While this blog is mainly about fitness and nutrition, it’s no secret that I’m just as passionate about what I do for a living –athletic training — as I am about health/fitness. I’ve written here before about why I love my profession so much, and seeing as it’s National Athletic Training Month, I think it’s only appropriate that I touch on this topic again!
For those of you who aren’t familiar with what athletic trainers do, you can read a little bit more about it here. We are sports medicine specialists who’s job generally falls into a few major categories: injury prevention, recognition, evaluation, and rehabilitation for the active population. Many of us are certified strength and conditioning specialists, most of us have a Master’s degree or higher, and we’re trained as emergency first responders. Yes, I think we’re pretty important.
But today’s post isn’t to give you a run down of all of the things that we do. Today I want to talk about AT’s in a broader sense. Yes, we can tell you that you have a torn ACL and we can rehab the heck out of you after you have that ACL reconstructed, but we do a lot more than that as well. And at the risk of sounding cheesy or over dramatic, it’s not necessarily just about what we do, but about what we are.
So what are we?
- We are life savers. This is the number one reason– and really the only reason you need– why every school and athletic program should employ an athletic trainer (sadly, many do not). Every year there are a handful of stories of athletes who have collapsed on the ice/court/field who have been revived by a fast acting AT. Without proper medical coverage on the sideline, an athlete who suffers from sudden cardiac arrest is going to wait 20 minutes (if they’re lucky) for an ambulance, which is often far too late. An AT on the sideline who is equipped with an AED can, and will save lives. If you think that that type of emergency can’t happen at your school or on your team, please read here, here, and here, to see that it can happen anywhere, any time. (And a quick Google search will give you many more stories just like those!)
- We are future-preservers. Wait, what? Stay with me here. ATs want their athletes to be healthy so that they can play in next week’s game, or the championship game two weeks from now. But you know what we really prioritize over any game, practice, or playoff berth? We prioritize your long term health, and your ability to live your life 10, 20, 30 years from now. I had a conversation the other day with one of my lacrosse players, in which I told her that yes, I want her to be able to play this season, but I also want her to be able to run around with her kids when she’s 45. A quality AT will preserve both your present and future health as much as we can, even when there is pressure to do otherwise.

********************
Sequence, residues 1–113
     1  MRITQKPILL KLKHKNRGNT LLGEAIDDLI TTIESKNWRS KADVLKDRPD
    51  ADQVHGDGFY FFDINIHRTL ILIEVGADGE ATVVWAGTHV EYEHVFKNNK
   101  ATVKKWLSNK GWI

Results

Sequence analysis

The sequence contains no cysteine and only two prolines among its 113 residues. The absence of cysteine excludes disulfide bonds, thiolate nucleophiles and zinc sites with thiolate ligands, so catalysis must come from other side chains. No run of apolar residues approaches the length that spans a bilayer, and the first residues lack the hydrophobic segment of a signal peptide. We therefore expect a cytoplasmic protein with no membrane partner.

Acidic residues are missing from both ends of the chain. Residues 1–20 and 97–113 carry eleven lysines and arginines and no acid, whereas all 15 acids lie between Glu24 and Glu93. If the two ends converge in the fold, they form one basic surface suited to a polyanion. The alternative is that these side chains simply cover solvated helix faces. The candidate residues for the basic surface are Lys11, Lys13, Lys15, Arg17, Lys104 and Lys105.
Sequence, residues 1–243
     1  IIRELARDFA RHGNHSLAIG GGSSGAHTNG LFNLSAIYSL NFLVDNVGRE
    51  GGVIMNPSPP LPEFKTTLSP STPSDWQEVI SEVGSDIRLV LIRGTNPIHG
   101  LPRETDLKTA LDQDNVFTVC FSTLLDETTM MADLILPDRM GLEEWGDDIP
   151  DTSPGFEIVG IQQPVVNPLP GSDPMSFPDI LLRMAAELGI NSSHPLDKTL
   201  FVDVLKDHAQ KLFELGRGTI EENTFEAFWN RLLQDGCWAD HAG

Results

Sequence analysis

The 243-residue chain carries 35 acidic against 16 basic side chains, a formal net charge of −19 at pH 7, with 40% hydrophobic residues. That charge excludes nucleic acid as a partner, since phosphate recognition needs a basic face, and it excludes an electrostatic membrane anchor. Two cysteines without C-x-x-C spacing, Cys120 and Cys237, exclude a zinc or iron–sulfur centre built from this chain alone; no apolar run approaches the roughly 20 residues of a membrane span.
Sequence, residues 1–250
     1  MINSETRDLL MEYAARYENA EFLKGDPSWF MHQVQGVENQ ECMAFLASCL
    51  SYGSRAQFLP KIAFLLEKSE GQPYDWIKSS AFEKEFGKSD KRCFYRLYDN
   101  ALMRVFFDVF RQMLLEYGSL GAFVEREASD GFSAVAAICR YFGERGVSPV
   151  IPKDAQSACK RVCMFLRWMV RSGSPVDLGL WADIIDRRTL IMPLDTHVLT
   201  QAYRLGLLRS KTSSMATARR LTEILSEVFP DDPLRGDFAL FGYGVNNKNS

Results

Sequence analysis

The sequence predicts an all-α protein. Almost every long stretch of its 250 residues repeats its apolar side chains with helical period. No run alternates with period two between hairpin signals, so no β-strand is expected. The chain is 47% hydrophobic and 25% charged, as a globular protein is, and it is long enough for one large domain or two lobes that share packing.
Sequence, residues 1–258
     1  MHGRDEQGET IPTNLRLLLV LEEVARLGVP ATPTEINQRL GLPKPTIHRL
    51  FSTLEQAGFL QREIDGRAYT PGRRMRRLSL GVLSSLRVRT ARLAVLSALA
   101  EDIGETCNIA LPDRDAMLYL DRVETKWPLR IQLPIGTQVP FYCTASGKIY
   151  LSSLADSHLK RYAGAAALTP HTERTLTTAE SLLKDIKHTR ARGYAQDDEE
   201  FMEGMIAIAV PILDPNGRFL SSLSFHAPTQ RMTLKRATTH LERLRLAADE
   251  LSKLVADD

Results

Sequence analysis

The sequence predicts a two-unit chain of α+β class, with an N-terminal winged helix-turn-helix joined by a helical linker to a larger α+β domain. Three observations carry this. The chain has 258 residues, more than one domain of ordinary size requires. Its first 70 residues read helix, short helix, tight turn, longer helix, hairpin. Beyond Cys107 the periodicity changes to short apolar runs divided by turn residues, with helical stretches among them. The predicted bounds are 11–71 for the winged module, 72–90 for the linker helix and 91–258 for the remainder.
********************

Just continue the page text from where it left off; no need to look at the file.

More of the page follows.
- We are a support system. We do much of what we do in the background, behind the scenes. We are unseen, often unheard, and unfortunately often unmentioned in the world of athletics, but that doesn’t mean that we’re not effective (and totally awesome). Honestly, if someone wants to be a superstar, athletic training is the wrong profession for them — our patients’ health is far more important than the spotlight. We do what we do so that the people who do want to be super stars can shine in the best way possible. What happens when an injured quaterback comes back from surgery to lead his team to a national championship? The athletic trainer is not hoisted upon the shoulders of the team; that honor belongs to the coach and the athletes (and they deserve it!). Athletic trainers are there to support the system, to make sure that all of the cogs in the wheel are running smoothly, to make sure that each link in the chain is as strong as it can possibly be.
- We are medical professionals. Many people think of ATs as the person in khakis and a polo on the sideline who squirts water bottles in football players’ mouths. (Let’s not even get me started on how seeing that makes me feel). But the reality is, we are sports medicine specialists. We are the most accessible form of health care for many athletes, and we have an exceptionally broad scope of practice. We specialize in treating the active population and helping to return them to their activity as quickly as possible — and this goes far, far beyond ice bags and ace wraps.
We are all of these things, and much much more (too much to include in one blog post). I think my main point here is that while ATs are often thought of as the people who tape ankles, we are a hell of a lot more than that. Do we tape ankles? Thousands of them, yes, and we’re all pretty darn good at it. But when someone asks me what it is that I do, “tape ankles” is never an answer that will come out of my mouth. That is like asking the President what he does, and his answer being “sign papers”. We are a profession of ethics, integrity, and empathy. We are people who care so deeply for the athletes that we work with that we often make sacrifices in our own lives to ensure that they get the best care possible. We are not just here to tape ankles and stretch hamstrings, we are here to give athletes the optimal opportunity to not only be healthy now but to be healthy in the future as well. That is what we do, and if you ask me, I think we do it pretty well.